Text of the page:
Historians Need to Write and Teach with Empathy

Since empathy has many definitions, we first need to clarify its usage here. The following description is most apt: “[It] is a tool for understanding the way another person thinks, feels or perceives. It enables us to comprehend another’s mindset, driving emotions or outlook, without requiring us to share the other’s thoughts, feelings and perceptions, or, indeed, approve of them. An empathic approach involves the assimilation of diverse information, including social, historical and psychological details, and a conscious effort to see the world through that person’s eyes.”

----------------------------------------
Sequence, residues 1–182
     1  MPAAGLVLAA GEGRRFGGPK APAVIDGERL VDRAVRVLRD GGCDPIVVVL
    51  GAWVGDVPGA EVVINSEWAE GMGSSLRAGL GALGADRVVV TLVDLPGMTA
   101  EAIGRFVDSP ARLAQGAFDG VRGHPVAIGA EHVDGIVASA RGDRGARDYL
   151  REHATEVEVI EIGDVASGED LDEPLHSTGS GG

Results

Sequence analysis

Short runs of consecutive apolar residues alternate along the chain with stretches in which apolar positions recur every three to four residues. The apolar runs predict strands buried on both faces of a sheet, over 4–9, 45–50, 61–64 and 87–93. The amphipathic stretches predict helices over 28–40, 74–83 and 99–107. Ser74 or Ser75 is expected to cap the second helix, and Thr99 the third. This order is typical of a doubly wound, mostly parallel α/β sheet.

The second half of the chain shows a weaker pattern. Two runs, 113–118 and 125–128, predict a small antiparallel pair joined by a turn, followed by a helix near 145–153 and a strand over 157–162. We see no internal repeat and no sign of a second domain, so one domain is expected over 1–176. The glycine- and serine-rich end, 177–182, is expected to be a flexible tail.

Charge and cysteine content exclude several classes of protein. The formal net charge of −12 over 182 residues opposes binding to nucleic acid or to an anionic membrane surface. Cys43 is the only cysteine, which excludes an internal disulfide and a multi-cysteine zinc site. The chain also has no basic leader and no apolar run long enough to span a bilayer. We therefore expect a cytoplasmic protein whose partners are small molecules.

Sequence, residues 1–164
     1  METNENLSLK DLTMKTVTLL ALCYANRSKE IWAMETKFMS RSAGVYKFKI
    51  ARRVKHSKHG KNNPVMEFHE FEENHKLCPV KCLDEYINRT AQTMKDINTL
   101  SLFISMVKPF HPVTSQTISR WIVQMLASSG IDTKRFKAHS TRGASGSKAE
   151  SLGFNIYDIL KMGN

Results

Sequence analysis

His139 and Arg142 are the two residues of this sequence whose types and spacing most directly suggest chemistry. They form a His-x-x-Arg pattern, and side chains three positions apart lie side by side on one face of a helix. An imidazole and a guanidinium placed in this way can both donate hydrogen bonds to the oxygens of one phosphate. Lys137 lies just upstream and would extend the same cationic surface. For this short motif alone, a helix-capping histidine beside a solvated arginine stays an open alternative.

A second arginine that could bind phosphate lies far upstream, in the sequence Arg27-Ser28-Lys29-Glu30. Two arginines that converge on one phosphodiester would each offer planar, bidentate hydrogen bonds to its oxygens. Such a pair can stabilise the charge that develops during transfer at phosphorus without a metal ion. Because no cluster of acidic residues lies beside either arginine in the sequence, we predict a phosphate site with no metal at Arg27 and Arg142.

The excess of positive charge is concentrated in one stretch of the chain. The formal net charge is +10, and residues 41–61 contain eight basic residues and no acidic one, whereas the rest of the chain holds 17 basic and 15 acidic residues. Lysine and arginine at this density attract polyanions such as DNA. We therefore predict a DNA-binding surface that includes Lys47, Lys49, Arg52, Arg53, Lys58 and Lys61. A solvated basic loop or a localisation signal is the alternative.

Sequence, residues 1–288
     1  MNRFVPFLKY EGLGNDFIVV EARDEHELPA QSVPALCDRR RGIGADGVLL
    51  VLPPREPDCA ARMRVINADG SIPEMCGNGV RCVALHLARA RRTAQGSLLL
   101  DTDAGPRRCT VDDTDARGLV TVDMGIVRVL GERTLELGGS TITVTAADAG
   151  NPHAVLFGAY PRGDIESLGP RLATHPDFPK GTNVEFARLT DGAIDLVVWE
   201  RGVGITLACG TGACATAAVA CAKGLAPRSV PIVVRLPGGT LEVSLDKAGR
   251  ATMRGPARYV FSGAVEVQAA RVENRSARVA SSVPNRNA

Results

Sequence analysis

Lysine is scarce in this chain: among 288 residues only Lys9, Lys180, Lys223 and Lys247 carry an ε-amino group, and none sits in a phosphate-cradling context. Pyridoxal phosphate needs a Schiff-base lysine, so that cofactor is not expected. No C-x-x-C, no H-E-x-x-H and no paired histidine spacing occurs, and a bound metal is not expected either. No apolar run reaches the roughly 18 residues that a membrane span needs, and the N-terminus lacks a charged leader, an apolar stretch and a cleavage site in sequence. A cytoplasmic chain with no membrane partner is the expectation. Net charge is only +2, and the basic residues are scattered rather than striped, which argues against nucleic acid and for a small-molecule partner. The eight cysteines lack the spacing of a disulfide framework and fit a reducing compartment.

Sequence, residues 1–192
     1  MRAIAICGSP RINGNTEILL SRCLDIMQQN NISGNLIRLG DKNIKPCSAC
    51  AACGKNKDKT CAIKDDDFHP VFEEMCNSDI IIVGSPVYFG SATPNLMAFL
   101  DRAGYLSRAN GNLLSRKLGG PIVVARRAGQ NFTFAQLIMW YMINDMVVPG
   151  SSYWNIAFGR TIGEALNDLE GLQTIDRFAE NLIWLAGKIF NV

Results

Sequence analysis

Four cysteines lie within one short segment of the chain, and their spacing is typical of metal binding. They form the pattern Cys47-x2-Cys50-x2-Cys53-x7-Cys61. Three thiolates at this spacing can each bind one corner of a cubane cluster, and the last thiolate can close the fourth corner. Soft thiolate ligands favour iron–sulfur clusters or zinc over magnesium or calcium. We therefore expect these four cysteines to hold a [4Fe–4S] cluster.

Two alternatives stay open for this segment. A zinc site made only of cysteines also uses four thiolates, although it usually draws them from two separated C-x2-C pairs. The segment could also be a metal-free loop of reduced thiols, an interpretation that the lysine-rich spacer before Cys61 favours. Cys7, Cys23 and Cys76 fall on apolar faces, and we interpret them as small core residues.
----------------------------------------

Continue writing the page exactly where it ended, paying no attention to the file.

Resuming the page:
Note, what we are talking about here is not just attempting to feel as others do, but also to experience how they think. Empathy is a holistic concept encompassing not just the affective region but also the cognitive one…

Rather than “projecting one’s own feelings onto others” as Herf indicates but which historian Zachary Shore calls “the worst approach to empathy,” good empathizers attempt to do almost the reverse—experience the other’s feelings and thought process. In their approach to history, whether in research, writing, or in the classroom, historians need to empathize.  

by Walter G. Moss